Goldman Sachs is the latest to cut its Tesla price target, with analyst David Tamberrino cutting his target to $158 from $200 due to a lower likelihood of the company hitting his upside volume scenarios and continued questions about demand heading into the second half of the year, according to a new note released Thursday morning.
Tamberrino says he "expects shares to be on a downward path as it becomes more clear that demand for the company’s current products are below expectations".
While stating that Q2 deliveries might reach the FactSet consensus, he identified his cause for concern about estimates beyond Q2, which he feels may have to come down:
"...we do believe 2H19 (and beyond) volume estimates look high considering there are fewer levers to pull to stoke demand going forward (i.e., company released lower priced variants of the Model 3, a leasing option was introduced, and right-hand drive orders have begun)."
He continues, commenting how the drop off of the Federal Tax Credit and cannibalization between models is a concern:
Further, when coupled with a lack of direct impetus to open up new demand pockets (other than introducing incentives or more attractive financing rates) and another step-down in the US Federal Tax Credit for TSLA vehicles beginning on July 1 — we believe 2Q19 was a better environment for demand and thus deliveries, but to a level that is likely not sustainable. We believe that is the largest question for investors to underwrite at this point — what are sustainable demand levels for the Model S, Model X, and Model 3 — and how does that change with the introduction of Model Y production. While there is potential upside surprise from a faster ramp or pull forward of Model Y ahead of schedule (i.e., 2H20 volume production targeted, but with 70% parts commonality to the Model 3 and decision to manufacture in Fremont — this could be accelerated), there is likely cannibalization of current Model X and Model 3 product demand with a crossover variant.
Further, we think the Street is still modeling too optimistic sustainable volumes for TSLA -- with the company achieving 780k units in 2022 across the S, X, and 3 line-up, and while our 2Q19 EBITDA is above FactSet consensus (GSe of $749mn vs. $550mn) we remain below Street estimates for 2019, 2020, and 2021 by an average 19%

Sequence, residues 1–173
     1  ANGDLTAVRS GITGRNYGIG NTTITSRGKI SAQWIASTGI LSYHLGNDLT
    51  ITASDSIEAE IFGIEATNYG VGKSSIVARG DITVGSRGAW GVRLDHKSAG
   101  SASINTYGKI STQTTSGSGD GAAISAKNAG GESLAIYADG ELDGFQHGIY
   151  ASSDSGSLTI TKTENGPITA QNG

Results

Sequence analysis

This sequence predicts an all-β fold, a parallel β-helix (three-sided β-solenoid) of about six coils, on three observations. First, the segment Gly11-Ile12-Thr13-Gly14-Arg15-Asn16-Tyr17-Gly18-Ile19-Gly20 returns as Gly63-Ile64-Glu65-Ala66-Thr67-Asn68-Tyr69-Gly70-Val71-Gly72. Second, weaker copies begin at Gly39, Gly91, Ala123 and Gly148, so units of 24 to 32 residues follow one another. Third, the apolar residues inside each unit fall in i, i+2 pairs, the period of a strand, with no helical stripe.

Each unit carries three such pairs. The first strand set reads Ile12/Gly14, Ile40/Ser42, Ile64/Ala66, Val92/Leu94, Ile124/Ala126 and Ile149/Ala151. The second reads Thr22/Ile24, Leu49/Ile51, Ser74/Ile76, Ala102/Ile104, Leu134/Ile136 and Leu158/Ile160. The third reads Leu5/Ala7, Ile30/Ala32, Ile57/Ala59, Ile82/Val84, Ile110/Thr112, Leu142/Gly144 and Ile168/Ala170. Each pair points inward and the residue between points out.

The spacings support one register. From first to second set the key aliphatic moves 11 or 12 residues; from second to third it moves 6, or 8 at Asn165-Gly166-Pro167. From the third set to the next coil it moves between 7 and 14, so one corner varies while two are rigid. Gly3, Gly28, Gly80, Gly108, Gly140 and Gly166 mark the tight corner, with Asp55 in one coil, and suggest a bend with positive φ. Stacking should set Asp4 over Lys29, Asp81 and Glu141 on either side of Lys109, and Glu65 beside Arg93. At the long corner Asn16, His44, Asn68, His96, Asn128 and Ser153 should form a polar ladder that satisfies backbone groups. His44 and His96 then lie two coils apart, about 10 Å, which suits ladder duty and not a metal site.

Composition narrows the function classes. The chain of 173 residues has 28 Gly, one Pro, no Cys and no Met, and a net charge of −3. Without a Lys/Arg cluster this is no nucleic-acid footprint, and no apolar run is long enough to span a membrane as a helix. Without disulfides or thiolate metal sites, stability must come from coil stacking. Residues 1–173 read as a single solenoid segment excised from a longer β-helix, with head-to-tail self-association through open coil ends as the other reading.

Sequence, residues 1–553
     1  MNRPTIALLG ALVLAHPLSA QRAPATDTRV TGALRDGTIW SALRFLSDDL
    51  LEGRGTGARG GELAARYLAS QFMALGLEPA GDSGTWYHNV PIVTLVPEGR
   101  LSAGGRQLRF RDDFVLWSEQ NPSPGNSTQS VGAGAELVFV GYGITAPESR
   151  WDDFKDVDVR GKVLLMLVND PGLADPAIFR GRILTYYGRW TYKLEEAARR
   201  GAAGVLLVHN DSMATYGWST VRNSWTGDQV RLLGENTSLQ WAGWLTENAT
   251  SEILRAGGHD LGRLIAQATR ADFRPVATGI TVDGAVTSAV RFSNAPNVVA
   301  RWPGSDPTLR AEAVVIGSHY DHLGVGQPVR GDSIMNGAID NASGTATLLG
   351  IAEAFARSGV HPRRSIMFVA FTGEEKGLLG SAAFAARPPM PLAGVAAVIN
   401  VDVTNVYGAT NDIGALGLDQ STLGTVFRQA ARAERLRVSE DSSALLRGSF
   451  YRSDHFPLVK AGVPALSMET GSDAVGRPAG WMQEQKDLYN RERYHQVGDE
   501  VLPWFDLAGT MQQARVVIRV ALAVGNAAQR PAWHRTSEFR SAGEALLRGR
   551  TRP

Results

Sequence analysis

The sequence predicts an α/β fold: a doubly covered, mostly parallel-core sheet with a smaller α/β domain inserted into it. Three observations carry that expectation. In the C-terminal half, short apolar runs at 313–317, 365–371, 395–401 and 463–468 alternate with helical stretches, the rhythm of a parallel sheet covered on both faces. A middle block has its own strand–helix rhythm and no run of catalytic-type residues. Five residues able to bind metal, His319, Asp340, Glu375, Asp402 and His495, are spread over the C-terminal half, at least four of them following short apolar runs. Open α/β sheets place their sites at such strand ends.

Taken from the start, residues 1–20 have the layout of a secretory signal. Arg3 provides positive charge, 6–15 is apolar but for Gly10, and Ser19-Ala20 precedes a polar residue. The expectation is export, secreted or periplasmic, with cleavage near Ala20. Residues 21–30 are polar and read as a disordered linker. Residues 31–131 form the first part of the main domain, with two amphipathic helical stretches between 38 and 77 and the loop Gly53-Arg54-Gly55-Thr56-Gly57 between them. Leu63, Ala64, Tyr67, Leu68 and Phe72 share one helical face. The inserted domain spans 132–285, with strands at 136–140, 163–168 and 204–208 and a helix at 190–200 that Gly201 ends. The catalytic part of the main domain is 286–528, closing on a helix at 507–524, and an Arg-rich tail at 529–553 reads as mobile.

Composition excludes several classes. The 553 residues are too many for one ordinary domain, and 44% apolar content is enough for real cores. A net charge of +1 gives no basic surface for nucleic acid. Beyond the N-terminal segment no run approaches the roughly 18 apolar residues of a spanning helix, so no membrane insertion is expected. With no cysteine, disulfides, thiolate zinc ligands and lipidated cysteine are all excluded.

Tamberrino also raises the all important question of cash: when is Tesla going to need it again and, as he asks, "does being a net-debt Auto OEM make sense?" He writes:
In our view, there is an incremental risk associated with carrying a net-debt position, particularly for companies that fit into more mature, cyclical industries that have higher fixed costs and potential for quick cyclical volume declines. Along those lines, we continue to believe TSLA’s net-debt leverage (3.5x on TTM 1Q19 EBITDA) is high — particularly relative to OEM peers that carry net-cash balance sheets — and could become an issue in the event secular growth from electric vehicles slows or declines (not our current view).
The note then reviews what type of volume declines would result in a "tighter liquidity" environment for the company:
Along those lines, we believe that the company would need to have volumes be cut in half from our 2019 forecast in order to see that tighter liquidity environment — i.e., decline from approx. 320k to 160k. Of course, with a declining volume environment the company would likely cut back on its growth capex spend (among other initiatives) and it would likely necessitate a further decline in volumes to eat into the current cash cushion. We recognize that this exercise is subject to several moving parts (inclusive of TSLA tying up cash/working capital into vehicles that could be produced but not sold), and for illustrative purposes we show a range of outcomes below in Exhibit 7.
Tamberrino also makes a point of noting that Goldman is "well below" other estimates across Wall Street.
12-month price target declines to $158 (from $200) on our lowered aggregate delivery estimates for Automotive in combination with a shift in probability weighting from the Upside scenarios (from 35% to 25%) toward our Base (from 45% to 50%) and Downside cases (from 20% to 25%) as we now see a lower likelihood of TSLA achieving production and delivery of multiple millions of vehicles by 2025. Further, we lower our applied P/E multiples given a lowered unit trajectory out through 2025. Broken down by segment, our probability-weighted valuations for the Automotive segment decline to $138 (down from $180), Tesla Energy segment is unchanged at $16, and the SolarCity segment is unchanged at $4.
Among key risks to this estimates, Tamberrino identifies "faster-than-anticipated Model Y introduction, increased demand for current products (Model S, X, 3), increased EV subsidies, improved cost structure, sustained positive free cash flow generation, successful new product launches (Solar Roof, Pickup truck, semi), and a breakthrough in autonomous technology development."
We're not holding our breath on any of those.